Courtesy of Mile High Card Co.
Most of us have harbored fantasies about stumbling across some long-lost treasure buried in the attic, and for most of us it remains a fantasy. But every once in a while, the Attic Fairy pays a visit.
The fruits of one of those visits — the contents of some dusty boxes found in a Tennessee attic — will go up for auction on June 15. The boxes had once belonged to the uncle of a Tennessee man (not identified due to security concerns) who called the auction house Mile High Card Co. in Castle Rock, Colo. The man said his uncle had owned a candy store that produced trading cards in the 1950s, and that he found full, unopened boxes of baseball cards from the 1950s and 1960s — as well 19 unopened packs of 1948 Bowman cards.
Older baseball cards in mint condition are unusual — and the Bowman cards were such a rare find that auction house president Brian Drent flew to Tennessee the next day to inspect them. The collection had been stored in a beer case and were in excellent condition, according to the Times. Drent paid “rather substantially” for the collection to be consigned to his company, but he told the Times that he estimates that the collection could fetch $900,000.
“It’s definitely one of the top finds in at least the most recent history,” Bert Lehman, editor of Sports Collectors Digest, told the Times. “To find this quality of product is truly amazing.”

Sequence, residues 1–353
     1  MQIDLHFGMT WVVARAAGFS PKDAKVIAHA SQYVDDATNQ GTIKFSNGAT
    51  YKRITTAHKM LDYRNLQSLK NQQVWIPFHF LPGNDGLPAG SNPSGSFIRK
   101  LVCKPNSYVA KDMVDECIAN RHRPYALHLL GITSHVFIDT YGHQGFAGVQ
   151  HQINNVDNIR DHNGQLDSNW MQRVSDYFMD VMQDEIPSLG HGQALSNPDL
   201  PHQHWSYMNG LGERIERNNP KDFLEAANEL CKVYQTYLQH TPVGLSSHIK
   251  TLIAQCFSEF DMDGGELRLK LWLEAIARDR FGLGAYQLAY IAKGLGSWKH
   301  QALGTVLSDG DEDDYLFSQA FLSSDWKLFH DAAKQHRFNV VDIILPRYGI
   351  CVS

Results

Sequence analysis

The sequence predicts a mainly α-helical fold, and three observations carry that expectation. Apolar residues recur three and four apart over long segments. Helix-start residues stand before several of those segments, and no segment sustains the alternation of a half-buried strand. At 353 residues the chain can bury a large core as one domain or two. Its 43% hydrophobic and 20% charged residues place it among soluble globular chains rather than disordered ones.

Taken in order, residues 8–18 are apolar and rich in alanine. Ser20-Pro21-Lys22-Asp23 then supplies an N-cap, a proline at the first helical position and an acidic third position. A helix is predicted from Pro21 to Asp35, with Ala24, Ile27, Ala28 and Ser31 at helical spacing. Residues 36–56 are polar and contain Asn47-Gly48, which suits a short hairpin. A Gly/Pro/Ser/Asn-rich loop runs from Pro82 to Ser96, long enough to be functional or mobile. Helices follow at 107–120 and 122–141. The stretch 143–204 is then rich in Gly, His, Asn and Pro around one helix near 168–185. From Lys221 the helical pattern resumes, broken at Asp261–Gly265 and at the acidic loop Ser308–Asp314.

Courtesy of J. Levine Auction House
And on June 20 in neighboring Arizona, a long-lost painting by abstract expressionist Jackson Pollack found in the attic of a Sun City, Ariz., homeowner will go up for auction in Scottsdale. It’s expected to sell for upwards of $10 million.
About 18 months ago, according to the Arizona Republic, Scottsdale professional appraiser Josh Levine got a call from the homeowner inviting his company to evaluate some Los Angeles Lakers memorabilia in the homeowner’s attic. Levine found the Pollack work — one of the artist’s famous splatter paintings — while he was there. Levine spent more than a year and $50,000 on forensics reports and private investigators to authenticate the painting.
How did the painting get there? It turns out that the homeowner — whose name was not disclosed and who now resides in an assisted-living facility — had a half-sister who was a friend of art collector Peggy Guggenheim and art critic Clement Greenberg, who both promoted Pollack’s work. The half-sister had given him the painting.
“The owner of the painting had no idea what he had. He said to me, ‘I didn’t even know who Pollack was until you told me about him,’” Levine told the Republic. ”It just doesn’t get any better than that.”
Levine has no doubt the painting is a Pollack. He told the newspaper: “I’m brave enough to call it a Jackson Pollack and put my entire reputation on it."